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“Herbarium of Tatra mosses” of Tytus Chałubiński

Tytus Chałubiński’s herbarium of Tatra mosses is the most valuable botanical collection at the Dr Tytus Chałubiński Tatra Museum. Doctor Tytus Chałubiński (1820–1889), a man of broad horizons and multiple interests, a great physician with a passion for botany, is one of the legendary figures of Zakopane.

“Suiseki” – “Kamogawaishi” type stone on a wooden mahogany base

Are stones precious? How precious can one stone possibly be? As it turns out, one stone can be very precious indeed, particularly if you consider Japanese Suiseki art stones. To quote Matsuura Arishige, whose Kamogawaishi stone on a mahogany base is part of the collection of the Manggha Centre of Japanese Art and Technology: The word suiseki refers to a single stone that has as its shape or surface pattern the ability to signify something far greater than the stone in and of itself. It is a tradition that has evolved to its modern form over many centuries.”

Model of Villa “Pod Jedlami” (Under Fir-Trees)

Zakopane style in miniature The wooden mock-up of the Pod Jedlami House is definitely one of the favourite exhibits of visitors to the Museum of Zakopane Style in the Koliba villa. Why is it so popular? It is definitely due to the artistry of completion and how it fires up the viewers’ imagination.

Pipe

A clay pipe shod in a nickel silver sheet with a wooden stem. Decorated with an engraved and stamped geometrical ornament and metal rings (zbyrkadła) attached. The pipe cover is finished with an eight-point, cone-shaped, metal pinnacle (cubka) crowned with the figure of a cock (kohutek) cut out of a metal sheet. The stem is connected with a pipe neck with a double chain.

Wooden sculpture “Pensive Christ”

Small-sized wooden sculpture of the 19th century from the area of the Polish Podtarze region, depicting Pensive Christ. It cost one crown and in 1914 it was purchased in Nowy Targ by Ksawery Prauss, a collector from Zakopane. In 1920, he donated his collection to the Tatra Museum and thus the sculpture, along with 93 other ethnographic objects from Podhale, became part of the museum collection.

An album of woodcuts “One hundred views of Mount Fuji by Hokusai”, the 2nd volume

In the collection of the Manggha Centre of Japanese Art and Technology, there is an edition of the work 100 views of Mount Fuji by Katsushiki Hokusai. Hokusai was one of the most famous Japanese artists and he created old ukiyo-e woodcuts (Japanese: a view of the world that passes away).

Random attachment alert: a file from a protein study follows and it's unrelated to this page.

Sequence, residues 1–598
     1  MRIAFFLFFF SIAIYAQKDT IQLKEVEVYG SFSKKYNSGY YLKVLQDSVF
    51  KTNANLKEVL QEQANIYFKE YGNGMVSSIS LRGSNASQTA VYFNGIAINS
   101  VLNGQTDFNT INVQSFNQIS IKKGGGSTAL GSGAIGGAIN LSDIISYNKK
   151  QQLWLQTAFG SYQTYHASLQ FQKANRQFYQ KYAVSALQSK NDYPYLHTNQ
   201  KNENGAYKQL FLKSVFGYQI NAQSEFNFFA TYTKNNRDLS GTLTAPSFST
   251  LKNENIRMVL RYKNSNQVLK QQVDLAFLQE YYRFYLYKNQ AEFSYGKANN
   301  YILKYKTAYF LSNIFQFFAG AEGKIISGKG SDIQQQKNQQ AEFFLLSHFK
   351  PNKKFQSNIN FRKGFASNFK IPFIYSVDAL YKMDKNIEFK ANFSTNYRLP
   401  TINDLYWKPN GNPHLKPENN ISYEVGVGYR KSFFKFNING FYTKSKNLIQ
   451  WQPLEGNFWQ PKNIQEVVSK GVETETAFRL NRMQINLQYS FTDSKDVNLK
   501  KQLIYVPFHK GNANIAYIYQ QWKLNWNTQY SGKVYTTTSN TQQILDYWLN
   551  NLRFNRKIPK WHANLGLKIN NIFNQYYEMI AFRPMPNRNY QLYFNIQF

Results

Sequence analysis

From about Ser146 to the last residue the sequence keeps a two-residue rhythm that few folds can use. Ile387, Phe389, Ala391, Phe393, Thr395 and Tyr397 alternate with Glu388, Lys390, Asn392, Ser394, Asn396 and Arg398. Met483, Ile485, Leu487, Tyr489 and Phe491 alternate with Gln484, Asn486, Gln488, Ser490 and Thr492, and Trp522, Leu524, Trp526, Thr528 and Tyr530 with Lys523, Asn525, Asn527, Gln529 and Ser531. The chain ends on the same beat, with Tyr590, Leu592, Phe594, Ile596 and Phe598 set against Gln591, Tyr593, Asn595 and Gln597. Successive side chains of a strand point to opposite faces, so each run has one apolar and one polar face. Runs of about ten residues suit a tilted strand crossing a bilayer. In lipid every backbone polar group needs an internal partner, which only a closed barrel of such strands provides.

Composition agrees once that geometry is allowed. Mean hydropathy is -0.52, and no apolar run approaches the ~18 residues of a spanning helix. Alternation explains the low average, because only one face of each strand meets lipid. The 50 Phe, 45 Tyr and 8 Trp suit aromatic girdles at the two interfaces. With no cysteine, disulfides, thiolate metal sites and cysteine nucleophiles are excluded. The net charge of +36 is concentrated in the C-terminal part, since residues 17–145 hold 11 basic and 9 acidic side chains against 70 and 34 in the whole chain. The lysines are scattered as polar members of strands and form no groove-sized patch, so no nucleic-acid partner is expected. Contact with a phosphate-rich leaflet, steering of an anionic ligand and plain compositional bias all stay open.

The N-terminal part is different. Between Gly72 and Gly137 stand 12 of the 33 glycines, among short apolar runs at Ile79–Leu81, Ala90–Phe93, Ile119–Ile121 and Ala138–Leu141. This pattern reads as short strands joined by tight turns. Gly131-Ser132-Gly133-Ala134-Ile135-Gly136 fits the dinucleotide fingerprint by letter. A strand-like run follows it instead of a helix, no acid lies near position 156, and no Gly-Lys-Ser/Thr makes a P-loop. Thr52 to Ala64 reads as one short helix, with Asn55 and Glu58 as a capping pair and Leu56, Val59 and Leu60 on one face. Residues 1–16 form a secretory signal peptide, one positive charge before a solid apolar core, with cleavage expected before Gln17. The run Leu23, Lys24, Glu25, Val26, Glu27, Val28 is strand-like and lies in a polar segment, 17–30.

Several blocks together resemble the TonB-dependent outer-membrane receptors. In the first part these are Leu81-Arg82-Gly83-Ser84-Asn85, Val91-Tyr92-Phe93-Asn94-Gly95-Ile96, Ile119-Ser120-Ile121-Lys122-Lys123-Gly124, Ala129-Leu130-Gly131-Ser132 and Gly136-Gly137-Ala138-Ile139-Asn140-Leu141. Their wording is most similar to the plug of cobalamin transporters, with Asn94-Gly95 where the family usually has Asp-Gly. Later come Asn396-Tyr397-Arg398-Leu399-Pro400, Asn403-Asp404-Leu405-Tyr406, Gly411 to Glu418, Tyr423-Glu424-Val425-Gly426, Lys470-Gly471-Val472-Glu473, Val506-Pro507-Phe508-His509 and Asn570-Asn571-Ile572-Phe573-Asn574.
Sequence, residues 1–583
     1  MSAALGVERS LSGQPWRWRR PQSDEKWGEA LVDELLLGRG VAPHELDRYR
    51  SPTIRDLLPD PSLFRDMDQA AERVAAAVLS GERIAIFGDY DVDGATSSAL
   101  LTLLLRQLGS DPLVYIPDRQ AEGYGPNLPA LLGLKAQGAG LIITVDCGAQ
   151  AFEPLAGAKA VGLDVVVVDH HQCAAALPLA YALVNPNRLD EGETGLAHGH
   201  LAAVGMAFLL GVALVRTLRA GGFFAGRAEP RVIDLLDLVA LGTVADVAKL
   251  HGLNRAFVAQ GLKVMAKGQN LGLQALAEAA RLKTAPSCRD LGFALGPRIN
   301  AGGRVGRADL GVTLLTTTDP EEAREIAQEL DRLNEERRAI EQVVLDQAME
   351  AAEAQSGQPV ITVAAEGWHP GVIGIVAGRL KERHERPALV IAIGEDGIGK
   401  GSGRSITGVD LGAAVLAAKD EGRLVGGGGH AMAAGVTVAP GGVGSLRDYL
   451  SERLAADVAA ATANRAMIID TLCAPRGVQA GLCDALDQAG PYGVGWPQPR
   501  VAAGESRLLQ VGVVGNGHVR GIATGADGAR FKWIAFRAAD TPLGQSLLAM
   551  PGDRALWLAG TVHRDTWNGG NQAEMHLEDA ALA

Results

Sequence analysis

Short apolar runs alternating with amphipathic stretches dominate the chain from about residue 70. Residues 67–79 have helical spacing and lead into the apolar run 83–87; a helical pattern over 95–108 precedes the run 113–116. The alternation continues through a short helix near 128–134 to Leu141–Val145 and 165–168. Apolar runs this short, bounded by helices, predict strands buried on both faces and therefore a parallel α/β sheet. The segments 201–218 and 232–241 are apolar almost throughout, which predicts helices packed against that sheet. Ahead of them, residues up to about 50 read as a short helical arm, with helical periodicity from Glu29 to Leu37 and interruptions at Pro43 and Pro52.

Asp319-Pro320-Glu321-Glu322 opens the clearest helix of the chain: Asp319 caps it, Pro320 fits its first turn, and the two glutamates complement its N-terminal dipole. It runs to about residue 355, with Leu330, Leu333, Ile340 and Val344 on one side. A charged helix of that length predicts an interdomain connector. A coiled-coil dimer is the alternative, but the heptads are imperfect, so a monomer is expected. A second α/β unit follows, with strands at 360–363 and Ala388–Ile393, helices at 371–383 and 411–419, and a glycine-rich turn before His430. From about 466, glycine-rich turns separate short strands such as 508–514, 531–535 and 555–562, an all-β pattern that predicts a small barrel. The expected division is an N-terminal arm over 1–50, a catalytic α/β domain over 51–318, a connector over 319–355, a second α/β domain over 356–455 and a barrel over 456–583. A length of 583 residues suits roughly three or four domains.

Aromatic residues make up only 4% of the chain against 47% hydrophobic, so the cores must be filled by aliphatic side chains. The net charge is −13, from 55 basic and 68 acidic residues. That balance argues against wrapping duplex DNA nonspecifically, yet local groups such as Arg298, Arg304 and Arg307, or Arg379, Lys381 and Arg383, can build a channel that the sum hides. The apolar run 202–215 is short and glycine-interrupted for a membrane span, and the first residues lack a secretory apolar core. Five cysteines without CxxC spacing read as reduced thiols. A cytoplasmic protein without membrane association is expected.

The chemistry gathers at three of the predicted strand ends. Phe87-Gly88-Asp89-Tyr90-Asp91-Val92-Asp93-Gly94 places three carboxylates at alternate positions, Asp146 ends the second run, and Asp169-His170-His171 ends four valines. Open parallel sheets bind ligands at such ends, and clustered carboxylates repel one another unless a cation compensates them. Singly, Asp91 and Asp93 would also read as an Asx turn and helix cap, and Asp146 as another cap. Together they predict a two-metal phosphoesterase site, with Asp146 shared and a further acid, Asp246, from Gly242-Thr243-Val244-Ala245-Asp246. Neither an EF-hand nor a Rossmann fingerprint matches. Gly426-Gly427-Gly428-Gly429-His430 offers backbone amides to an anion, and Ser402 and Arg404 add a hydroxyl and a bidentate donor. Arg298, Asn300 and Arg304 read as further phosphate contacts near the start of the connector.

Staff with a hatchet

The staff of beech wood, of hexagonal intersection, slightly flattened, even along its entire length. It is equipped with a brass handle, in the shape of a hatchet with a slightly rounded blade. On the top of the axe there is the so-called cone a brass, oval shaped inscription inscribed in a rectangle, fastened with four nails.

Priest Karol Wojtyła’s sports shoes

Walking shoes used by priest Karol Wojtyła during trips. The shoes are made of a brown patent leather with cotton shoelaces...

White cucha jacket

White cucha jacket, in local dialect: cucha bioła — a kind of traditional outer clothing worn by men in Podhale. The cucha jacket on display constituted an element of the Sunday best outfit. It was sewn and most likely decorated in 1966 by Czesław Styrczula-Maśniak, a well-known folk tailor from Dzianisz. A year later it was purchased for the collections of the Dr. Tytus Chałubiński Tatra Museum in Zakopane.

The figurine of St. Kinga by Józef Janos

The sculpture was made by the folk artist Józef Janos from Dębno Podhalańskie, a known holy-image maker, author of numerous roadside shrines and church figures.

Painting on glass “Our Lady with Child of Mariazell”

Our Lady of Mariazell is one of the most broadly used images of St. Mary that can be found in paintings on glass. Legend has it that in 1157 a Benedictine monk from the abbey in St. Lambrecht set out with his pastoral mission to the vicinities of this Austrian town. He was accompanied by the figure of Our Lady with Baby Jesus sculpted in the lime-tree wood.

Clock shaped as a highlander’s cottage